16. Once the basecoat has been allowed sufficient air-dry time, masking can be removed in reverse order. With paper removed first, the 1/4-inch stretches come next. This is where 3M vinyl tape truly shines, as it cuts the fresh base very much like a razor blade.
17. After all tape is cautiously removed, the paint edges will be seriously scrutinized. If any fuzzy or bleed-through conditions are spotted, they’ll be dealt with before clearcoats are applied.
18. This hood and decklid were abraded for a solid “mechanical bond” early on. The fresh black stripes and clearcoat to follow are compatible components of a “chemical bond” system. These panels are now ready for clear, with no further sanding required.
19. Here, PPG’s Global D8188 “Glamour” LV clearcoat is Andy’s clear of choice. In our area of California, such choices are often made according to VOC content of available products. For shops, there are daily limits that must be considered. Careful measurements are recorded and logged during the course of every job.
20. Triggering his loaded gun so only air escapes, Andy gives both panels a final wipe-down—once again with surgically clean, disposable toweling. It’s showtime!
21. As Andy begins to spray the first of three coats of clear, one can’t help but notice how well the downdraft spray booth exhausts. Even so, the clear is sticky stuff, so a shoot suit helps to protect the painter as well as his work.
22. Fresh from the booth, the difference ’tween new custom paint versus old factory vinyl is very much apparent. The application is clean and dust-free. However, we’re not finished ’til the texture matches that of the car.
23. Here, a wooden paint stick, wrapped in 3M 1000-grit wet sandpaper, occasionally dipped in a bucket o’ clean water, is the hot tip for smoothing away slight ridges where black now overlaps greeen. This procedure is then repeated using 1500-grit ’paper. These grits are very fine, but care must still be taken to avoid the panels’ extreme edges.
24. It wasn’t that long ago, nobody would ever consider colorsanding with a DA (dual-action) sander. Yet in better shops today, the practice has become a common standard procedure—even for high-end jobs. Here, Andy begins with Carborundum 1500-grit on this water-dampened hood. Next, he’ll switch and continue with 3000-grit.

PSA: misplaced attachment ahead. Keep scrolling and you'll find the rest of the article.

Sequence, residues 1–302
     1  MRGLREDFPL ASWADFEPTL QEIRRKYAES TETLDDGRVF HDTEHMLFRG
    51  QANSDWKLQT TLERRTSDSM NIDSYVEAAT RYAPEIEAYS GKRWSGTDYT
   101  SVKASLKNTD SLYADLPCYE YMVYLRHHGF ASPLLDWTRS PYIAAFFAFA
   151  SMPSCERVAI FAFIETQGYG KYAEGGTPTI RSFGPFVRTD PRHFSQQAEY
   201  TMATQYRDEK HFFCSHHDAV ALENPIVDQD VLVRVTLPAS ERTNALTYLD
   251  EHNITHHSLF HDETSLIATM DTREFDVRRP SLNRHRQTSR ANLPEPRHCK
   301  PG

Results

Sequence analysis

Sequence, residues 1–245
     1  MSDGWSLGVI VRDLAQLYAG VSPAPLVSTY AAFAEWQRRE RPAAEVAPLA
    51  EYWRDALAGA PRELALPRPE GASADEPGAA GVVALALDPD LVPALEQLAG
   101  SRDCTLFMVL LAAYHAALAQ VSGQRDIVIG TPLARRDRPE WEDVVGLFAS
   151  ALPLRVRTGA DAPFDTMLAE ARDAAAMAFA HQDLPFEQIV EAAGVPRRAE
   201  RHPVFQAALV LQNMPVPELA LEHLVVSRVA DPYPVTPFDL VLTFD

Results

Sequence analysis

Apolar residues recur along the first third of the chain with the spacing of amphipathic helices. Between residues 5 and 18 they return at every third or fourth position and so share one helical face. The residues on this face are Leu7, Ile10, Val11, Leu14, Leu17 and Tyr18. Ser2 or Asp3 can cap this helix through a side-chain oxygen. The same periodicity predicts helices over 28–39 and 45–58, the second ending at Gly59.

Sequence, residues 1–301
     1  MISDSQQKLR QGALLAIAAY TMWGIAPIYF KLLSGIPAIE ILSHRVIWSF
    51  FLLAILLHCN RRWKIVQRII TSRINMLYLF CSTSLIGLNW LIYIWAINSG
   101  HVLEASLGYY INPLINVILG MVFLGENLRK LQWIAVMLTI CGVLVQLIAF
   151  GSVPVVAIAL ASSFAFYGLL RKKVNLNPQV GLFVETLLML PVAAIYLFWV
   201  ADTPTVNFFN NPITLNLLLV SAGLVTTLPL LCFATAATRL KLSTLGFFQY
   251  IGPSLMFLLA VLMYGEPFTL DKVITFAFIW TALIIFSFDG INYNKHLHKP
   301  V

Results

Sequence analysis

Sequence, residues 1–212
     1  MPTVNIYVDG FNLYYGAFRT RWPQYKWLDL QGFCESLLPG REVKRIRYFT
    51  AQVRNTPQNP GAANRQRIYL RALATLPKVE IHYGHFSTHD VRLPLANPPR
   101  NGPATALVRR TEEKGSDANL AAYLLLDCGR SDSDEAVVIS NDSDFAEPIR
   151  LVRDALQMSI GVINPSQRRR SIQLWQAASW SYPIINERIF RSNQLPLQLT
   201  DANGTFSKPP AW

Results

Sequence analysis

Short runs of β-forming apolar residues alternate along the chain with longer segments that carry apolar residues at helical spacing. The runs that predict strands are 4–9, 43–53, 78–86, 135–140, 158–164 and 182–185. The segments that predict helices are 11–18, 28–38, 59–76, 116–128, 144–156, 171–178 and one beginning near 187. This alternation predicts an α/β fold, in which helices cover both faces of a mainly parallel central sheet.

25. Before compounding begins, the colorsanded panels are washed and dried with modern microfiber toweling. You could spend top-dollar on such specific-purpose cloth, but truthfully, the kind that comes from Harbor Freight does the job as well as the leading brand.
26. When it comes to buffing and polishing, there are different schools today. Andy is up to speed with the latest from 3M. From left to right, in the order they’ll be used: Perfect-It rubbing compound #06086, Perfect-It machine polish #06065, and Perfect-It Ultrafine machine polish #06068. These products call for different pads.
27. For a speedy demonstration, Andy will guide us through the steps on one small area of the hood. Here for the first step, he applies Perfect-It rubbing compound. Pint-size condiment bottles handle better than gallon-size jugs, so Andy transfers his compounds and polishes as he goes. This practice over time saves material.
28. After a quick spread with the attached 3M #05703 compounding pad, Andy spins his DeWalt variable-speed buffer up to 1,400 rpm and makes the first cut. Because these panels were colorsanded all the way to 3000-grit, buffing operations move along very quickly.
29. Next, Andy switches to a different condiment bottle—this one is filled with Perfect-It machine polish. For this second step, the pad has been switched as well. This foam-polishing pad is a 3M #05725.
30. We’ve now reached the stage where we’re no longer compounding—we’re polishing. This is where Andy prefers a slower buffer setting. From this point on, the variable-speed dial will remain set to 1,000 rpm.
31. Up to this point, the incremental differences from step to step have been obvious. For this third step, a 3M #05733 pad is used for Perfect-It Ultrafine machine polish.
32. Remember what we started with? Assembly-line vinyl pales in comparison to deep, ridge-free custom paint. Now we know it’s very tempting, so please just take our word—this glossy surface is perfectly smooth. At Hot Rods & Custom Stuff, rally stripes are better seen but not felt.